As expected, the results show that the production elasticity of labour decreases when improved irrigation equipment like a motor pump is used. The technology displays an increasing return to scale on plots without a motor pump and a constant return to scale on plots irrigated with a motor pump. While on plots without a motor pump a sharecropping contract is the efficient labour contract choice, leading to a higher optimum profit for household, on plots irrigated with a motor pump, a wage contract is the best labour contract choice. Consequently, we can conclude from this finding that the use of a motor pump drives out the sharecropping contract in favour of household labour and the wage labour contract. Unless the commonly applied sharing rules, 50-50 of the profit, change with a greater share for the landowner, with the increasing use of labour-saving technologies, households will be less and less willing to hire labour under a sharecropping contract.
Chapter 5 theoretically and empirically investigates the risk issues. Agricultural production is typically a risky business. Farm households have to tackle several risks. For this reason, farm households’ risk attitude is an important issue connected with decision making and greatly affects their economic performance. In Senegal, for horticultural households, the output market price is one of the foremost risks. Moreover, within the household, husband and wives may behave differently towards risk. This research provides theoretical and empirical evidence regarding the measures and effects of risk attitude on economic performance and on the choice of inputs across gender. More precisely, based on an experimental game implemented in the Senegalese Niayes Zone, this chapter investigates the gender dimension of risk attitude and the causal relationship between risk attitude, allocative inefficiency of the choice of inputs, and decisions regarding the choice of labour contract.
The results show that, on average, men and women producers display an absolute risk aversion towards the output market price, and that women are as risk averse as men. As expected, and in line with the theoretical model, the empirical evidence shows that allocative inefficiency in the use of inputs increases with risk aversion. Moreover, the empirical evidence confirms the theoretical model propounding that if producers are more risk averse, they prefer to hire labour based on a sharecropping contract rather than on a wage contract. We identify recommendations for policy decision makers in terms of strategies that may help to make men and women producers more risk-neutral towards the output market price and to dampen the repercussions of risk for efficiency.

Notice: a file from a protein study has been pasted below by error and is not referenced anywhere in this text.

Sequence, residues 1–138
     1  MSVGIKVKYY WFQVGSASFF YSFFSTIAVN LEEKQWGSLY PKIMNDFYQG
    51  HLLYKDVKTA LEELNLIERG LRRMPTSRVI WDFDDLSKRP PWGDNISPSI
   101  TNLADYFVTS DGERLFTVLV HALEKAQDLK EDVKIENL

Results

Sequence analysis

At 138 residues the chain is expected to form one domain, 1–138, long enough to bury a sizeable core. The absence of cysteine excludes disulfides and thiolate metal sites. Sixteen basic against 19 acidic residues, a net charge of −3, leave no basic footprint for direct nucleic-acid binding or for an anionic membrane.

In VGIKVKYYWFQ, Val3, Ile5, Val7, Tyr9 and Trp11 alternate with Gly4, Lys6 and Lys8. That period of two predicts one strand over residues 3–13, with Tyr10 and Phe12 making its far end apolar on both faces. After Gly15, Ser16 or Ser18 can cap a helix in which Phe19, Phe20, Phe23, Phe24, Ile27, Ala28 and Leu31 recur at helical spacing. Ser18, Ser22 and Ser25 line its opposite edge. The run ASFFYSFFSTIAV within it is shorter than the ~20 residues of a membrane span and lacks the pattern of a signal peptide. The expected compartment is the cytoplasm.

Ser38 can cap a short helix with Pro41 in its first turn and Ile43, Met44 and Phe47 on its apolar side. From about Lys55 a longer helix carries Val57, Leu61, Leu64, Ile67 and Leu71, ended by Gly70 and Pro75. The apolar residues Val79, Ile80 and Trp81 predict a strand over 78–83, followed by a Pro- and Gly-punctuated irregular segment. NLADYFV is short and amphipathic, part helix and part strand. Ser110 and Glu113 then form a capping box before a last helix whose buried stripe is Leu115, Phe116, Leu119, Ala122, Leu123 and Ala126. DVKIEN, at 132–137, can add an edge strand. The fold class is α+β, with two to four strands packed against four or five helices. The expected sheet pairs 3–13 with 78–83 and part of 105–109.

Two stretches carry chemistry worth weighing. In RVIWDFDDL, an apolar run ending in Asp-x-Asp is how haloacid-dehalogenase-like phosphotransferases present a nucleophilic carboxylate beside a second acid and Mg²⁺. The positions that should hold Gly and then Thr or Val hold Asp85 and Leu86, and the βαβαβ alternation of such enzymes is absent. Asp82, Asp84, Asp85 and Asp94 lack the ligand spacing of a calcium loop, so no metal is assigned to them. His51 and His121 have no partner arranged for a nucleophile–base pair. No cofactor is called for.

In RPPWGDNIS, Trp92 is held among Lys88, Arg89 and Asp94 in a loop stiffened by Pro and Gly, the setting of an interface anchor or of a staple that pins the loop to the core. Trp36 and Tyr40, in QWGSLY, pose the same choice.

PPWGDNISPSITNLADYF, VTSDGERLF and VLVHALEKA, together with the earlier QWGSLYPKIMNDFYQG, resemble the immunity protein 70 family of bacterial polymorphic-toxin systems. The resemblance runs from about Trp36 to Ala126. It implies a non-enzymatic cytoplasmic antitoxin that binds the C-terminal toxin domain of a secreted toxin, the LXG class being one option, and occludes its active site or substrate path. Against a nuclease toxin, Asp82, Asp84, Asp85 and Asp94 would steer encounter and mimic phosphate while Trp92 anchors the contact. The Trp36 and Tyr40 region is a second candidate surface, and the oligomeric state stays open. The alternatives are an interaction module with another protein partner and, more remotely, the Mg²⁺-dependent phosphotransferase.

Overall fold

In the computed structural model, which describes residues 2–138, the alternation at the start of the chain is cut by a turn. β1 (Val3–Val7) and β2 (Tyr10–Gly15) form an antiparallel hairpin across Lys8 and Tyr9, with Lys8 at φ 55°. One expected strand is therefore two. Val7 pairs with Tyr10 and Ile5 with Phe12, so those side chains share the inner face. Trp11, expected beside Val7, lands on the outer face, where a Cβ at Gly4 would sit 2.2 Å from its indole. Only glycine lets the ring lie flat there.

All in all, this thesis innovatively provides theoretical and empirical evidence to add to the body of the literature of the economics of household resource allocation, with a special focus on gender, labour and risk. In addition to its scientific contribution, the thesis puts forward to decision makers a number of recommendations for a better economic performance of horticultural households with women playing a leading role, as this is in favour of household welfare. Although agricultural growth driven by horticulture is a challenge for economic growth and poverty alleviation, it is potentially achievable.

Original languageEnglish
QualificationDoctor of Philosophy
Awarding Institution
  • Wageningen University
  • Bulte, Erwin, Promotor
  • Burger, Kees, Co-promotor
Award date16 Jun 2010
Place of Publication[S.l.
Print ISBNs9789085856535
Publication statusPublished - 2010


  • economics
  • risk
  • labour
  • agricultural households
  • horticulture
  • senegal
  • developing countries
  • west africa
  • resource allocation
  • performance
  • development economics
  • gender
  • household behaviour